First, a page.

How do I get to St Paul’s Cathedral?
For all its grandeur and English Baroque charm, St Paul’s is one of the most accessible attractions in London. Sitting in the City of London, surrounded by a number of the financial powerhouses that populate this corner of the capital, it is within walking distance of numerous train, Underground and bus routes.
Various modes of transport
Underground stations near St Paul’s
The cathedral is served by four Underground stations with the closest being St Paul’s which is served by the Central line. Both Mansion House and Blackfriars are served by District and Circle lines and are a five and seven-minute walk, respectively, from the cathedral. Further away is Bank which is served by Central, Northern, Waterloo & City line and DLR.
Train Station near St Paul’s
Arriving by train? There are four stations within walking distance of St Paul’s – City Thameslink, Blackfriars, Cannon Street and Liverpool Street. City Thameslink is the closest at just a three-minute walk with Liverpool Street being a 15-minute stroll away.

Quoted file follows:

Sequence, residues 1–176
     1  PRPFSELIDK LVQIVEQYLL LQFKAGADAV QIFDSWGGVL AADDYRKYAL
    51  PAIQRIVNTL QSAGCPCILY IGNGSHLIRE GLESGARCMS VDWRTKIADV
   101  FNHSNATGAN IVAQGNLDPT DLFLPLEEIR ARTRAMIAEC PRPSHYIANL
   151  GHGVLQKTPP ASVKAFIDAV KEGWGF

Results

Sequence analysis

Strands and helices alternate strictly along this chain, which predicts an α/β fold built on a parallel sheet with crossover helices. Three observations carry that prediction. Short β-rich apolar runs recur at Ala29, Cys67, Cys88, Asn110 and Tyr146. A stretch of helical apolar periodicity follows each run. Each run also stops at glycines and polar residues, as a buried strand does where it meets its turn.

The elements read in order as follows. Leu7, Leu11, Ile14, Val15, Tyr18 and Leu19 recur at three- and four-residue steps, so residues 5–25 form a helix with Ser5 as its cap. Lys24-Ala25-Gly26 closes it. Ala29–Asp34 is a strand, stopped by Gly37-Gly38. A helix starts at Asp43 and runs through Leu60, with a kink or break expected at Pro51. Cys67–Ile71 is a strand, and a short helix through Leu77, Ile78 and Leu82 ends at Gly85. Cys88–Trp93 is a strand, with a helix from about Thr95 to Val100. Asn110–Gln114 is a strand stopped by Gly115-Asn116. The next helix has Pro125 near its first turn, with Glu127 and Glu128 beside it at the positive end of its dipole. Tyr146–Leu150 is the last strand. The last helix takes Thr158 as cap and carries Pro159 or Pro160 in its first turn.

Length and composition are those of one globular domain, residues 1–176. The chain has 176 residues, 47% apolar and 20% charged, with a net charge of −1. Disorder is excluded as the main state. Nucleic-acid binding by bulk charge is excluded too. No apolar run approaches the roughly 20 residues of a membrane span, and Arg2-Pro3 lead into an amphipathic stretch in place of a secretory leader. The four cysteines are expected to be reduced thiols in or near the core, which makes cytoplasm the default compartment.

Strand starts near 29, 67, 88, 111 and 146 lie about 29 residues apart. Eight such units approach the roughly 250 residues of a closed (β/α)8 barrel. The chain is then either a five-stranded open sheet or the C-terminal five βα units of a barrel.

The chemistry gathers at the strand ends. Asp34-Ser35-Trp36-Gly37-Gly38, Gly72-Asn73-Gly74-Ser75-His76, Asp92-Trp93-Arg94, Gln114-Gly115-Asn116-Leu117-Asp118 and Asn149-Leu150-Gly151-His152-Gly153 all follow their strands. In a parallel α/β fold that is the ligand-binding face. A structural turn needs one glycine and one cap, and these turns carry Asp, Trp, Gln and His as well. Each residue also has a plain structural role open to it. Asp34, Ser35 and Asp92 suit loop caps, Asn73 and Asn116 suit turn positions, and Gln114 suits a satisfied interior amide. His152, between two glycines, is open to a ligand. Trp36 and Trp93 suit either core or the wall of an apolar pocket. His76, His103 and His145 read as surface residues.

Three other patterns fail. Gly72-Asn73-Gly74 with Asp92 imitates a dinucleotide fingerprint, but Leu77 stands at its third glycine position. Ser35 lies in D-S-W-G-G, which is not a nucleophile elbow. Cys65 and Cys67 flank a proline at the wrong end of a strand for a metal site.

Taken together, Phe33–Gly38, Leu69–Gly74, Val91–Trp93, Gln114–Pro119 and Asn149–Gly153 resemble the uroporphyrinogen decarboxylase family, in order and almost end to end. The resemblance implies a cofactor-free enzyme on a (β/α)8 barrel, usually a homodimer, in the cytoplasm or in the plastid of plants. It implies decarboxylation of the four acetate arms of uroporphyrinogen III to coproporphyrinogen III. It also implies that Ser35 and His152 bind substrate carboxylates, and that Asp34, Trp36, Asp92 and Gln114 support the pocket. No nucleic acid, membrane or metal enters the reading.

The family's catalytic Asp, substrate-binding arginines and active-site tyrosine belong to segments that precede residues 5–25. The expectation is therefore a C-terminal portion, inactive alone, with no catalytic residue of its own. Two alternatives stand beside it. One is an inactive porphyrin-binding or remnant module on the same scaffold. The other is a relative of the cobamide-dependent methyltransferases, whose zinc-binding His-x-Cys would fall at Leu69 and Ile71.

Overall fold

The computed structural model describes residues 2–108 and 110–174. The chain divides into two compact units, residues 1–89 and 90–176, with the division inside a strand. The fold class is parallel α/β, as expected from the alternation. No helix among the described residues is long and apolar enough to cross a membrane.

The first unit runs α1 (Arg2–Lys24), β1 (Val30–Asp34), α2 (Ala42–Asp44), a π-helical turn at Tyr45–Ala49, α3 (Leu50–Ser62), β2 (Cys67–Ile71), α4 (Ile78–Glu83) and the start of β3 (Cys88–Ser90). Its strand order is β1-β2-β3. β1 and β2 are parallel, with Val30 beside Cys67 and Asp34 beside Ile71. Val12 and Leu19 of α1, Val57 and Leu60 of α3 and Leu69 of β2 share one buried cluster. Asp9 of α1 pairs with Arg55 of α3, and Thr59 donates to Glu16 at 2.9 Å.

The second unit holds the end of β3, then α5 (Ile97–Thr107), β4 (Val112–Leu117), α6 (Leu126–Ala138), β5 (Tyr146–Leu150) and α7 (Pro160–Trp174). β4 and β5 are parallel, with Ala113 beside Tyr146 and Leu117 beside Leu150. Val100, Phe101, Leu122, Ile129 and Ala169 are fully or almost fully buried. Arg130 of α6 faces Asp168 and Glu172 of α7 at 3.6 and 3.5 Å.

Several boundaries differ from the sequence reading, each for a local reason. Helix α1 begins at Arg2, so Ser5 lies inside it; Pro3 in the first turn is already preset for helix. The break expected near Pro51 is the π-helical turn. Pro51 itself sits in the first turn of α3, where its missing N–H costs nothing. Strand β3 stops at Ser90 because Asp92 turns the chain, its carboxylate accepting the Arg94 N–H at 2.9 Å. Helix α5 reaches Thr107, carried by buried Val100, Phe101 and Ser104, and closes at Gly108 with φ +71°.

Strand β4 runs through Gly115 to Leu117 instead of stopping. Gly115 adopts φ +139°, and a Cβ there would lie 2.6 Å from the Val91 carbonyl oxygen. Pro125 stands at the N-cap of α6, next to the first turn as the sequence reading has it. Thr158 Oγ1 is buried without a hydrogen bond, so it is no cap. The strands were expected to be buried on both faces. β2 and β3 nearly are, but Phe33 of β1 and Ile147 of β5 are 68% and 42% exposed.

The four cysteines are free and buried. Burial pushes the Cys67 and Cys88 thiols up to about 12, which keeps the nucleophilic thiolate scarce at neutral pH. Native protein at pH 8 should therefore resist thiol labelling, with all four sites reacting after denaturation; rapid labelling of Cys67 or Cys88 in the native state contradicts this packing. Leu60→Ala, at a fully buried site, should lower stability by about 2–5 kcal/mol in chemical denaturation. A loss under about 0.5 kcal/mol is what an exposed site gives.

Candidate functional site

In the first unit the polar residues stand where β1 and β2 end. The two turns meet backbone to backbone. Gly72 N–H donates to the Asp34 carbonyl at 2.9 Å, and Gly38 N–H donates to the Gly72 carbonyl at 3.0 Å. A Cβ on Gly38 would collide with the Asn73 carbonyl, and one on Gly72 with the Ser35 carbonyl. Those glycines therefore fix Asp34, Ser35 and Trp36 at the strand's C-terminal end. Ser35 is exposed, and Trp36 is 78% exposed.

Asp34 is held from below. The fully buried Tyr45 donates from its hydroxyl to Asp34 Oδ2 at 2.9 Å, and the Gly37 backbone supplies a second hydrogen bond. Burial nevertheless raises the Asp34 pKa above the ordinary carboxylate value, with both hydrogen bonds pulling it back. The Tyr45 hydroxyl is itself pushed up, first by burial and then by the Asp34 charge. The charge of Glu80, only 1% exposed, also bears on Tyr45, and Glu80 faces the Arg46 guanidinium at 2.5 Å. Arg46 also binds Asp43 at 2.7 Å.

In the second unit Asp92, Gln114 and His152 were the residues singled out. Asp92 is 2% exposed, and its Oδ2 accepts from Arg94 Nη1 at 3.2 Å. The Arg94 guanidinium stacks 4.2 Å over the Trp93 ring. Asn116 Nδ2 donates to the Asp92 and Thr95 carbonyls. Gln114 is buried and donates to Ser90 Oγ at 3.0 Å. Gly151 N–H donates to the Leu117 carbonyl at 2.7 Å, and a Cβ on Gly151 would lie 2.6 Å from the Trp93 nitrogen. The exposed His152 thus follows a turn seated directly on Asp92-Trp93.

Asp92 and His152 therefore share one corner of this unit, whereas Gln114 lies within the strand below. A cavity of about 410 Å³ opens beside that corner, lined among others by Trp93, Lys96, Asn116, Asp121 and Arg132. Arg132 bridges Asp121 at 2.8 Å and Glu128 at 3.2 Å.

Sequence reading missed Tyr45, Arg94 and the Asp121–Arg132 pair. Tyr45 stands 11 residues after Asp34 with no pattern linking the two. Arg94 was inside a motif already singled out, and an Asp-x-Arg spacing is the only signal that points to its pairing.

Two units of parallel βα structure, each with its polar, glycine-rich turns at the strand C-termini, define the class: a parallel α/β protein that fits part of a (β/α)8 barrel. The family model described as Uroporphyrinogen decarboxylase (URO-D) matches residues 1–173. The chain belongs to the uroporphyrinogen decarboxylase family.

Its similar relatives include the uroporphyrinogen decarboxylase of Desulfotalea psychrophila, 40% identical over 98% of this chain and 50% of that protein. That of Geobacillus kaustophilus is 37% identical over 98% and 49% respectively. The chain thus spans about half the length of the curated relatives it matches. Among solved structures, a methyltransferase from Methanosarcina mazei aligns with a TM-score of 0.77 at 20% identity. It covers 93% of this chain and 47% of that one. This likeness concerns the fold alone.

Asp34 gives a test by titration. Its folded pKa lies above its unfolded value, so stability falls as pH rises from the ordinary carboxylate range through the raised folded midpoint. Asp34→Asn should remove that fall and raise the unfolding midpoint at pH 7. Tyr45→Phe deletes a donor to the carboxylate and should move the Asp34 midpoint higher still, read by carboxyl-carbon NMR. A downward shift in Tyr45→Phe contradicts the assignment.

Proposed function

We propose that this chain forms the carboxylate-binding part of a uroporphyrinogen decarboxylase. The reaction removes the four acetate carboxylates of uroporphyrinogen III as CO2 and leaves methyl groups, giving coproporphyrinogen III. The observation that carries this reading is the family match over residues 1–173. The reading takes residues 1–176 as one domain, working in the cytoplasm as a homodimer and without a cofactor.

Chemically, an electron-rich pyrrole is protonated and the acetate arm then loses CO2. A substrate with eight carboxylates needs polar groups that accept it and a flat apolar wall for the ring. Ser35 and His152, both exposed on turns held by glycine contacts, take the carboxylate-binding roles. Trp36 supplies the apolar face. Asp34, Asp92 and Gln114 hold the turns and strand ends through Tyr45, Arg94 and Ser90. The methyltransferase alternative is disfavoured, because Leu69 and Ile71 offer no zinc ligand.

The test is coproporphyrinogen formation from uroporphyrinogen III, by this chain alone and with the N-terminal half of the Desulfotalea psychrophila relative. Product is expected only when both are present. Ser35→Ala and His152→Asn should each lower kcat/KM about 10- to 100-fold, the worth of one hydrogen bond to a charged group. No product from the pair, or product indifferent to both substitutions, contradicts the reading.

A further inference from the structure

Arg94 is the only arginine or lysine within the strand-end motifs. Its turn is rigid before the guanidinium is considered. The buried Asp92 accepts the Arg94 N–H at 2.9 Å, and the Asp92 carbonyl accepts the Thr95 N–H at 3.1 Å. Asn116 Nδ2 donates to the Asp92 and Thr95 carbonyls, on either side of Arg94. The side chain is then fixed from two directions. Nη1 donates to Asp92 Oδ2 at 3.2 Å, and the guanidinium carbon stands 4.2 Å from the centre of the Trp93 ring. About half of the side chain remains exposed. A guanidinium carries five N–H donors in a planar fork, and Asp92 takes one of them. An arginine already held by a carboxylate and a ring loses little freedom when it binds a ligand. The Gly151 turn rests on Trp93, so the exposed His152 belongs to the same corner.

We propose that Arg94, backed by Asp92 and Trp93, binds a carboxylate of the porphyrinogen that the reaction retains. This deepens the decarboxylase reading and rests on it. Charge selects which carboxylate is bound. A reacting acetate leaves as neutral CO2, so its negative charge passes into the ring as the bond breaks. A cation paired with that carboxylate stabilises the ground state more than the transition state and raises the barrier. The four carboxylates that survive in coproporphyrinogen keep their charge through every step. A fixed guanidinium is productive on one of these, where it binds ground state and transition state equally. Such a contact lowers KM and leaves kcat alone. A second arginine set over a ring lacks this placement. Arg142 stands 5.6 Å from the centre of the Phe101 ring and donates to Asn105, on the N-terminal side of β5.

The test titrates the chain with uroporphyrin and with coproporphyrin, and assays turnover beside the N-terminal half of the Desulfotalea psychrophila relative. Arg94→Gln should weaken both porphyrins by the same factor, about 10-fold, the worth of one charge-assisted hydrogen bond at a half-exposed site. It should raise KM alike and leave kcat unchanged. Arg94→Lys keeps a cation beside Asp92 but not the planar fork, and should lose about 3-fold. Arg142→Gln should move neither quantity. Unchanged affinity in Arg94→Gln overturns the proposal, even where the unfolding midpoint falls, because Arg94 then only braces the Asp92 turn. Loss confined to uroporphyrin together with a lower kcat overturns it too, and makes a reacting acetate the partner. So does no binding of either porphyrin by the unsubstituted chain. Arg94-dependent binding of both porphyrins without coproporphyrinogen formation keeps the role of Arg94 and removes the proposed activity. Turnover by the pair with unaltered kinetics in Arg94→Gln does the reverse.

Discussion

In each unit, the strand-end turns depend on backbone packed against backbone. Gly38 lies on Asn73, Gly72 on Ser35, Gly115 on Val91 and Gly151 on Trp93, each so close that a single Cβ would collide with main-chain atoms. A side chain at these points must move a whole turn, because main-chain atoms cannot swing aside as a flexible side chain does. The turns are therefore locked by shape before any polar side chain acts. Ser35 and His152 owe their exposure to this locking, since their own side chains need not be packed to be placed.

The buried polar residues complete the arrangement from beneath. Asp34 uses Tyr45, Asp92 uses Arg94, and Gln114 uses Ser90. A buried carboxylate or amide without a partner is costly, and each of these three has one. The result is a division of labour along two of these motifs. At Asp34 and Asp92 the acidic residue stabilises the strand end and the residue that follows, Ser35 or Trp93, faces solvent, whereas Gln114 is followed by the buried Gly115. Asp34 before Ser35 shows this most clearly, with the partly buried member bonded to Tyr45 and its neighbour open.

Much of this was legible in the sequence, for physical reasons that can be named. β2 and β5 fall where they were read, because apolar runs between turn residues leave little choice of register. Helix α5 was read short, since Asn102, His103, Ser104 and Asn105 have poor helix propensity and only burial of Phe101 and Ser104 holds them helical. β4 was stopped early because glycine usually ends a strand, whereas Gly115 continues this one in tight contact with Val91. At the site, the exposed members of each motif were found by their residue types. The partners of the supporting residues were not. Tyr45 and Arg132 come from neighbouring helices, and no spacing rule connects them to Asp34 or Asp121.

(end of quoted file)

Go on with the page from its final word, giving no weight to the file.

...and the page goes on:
Bus Station Near St Paul’s
There are regular bus services heading towards the cathedral with routes 4, 11, 15, 23, 25, 26, 100, 242 all stopping at St Paul’s.
Driving in London can be a nightmare and with the plethora of public transport links is not really necessary. However, if you are driving to St Paul’s then you need to be aware of the congestion charge around the City of London. While on-street parking is very restricted, there is a public car park on Queen Victoria Street, a short walk away from the cathedral.
Christmas at St Paul’s Cathedral
London at Christmas can be a magical and encapsulating place. While the weather will undoubtedly be cold and wet, there is a certain charm to the English capital when it comes to the festive period. The shops will be decked out in all the dressings of the holiday while there are a number of special events going throughout the city.
If you are staying in London over Christmas, there is no better place to celebrate it in the spiritual surrounding of St Paul’s. The cathedral has a number of services on throughout Christmas to celebrate the birth of Jesus. From carols to midnight mass, St Paul’s provides a truly authentic Christmas experience.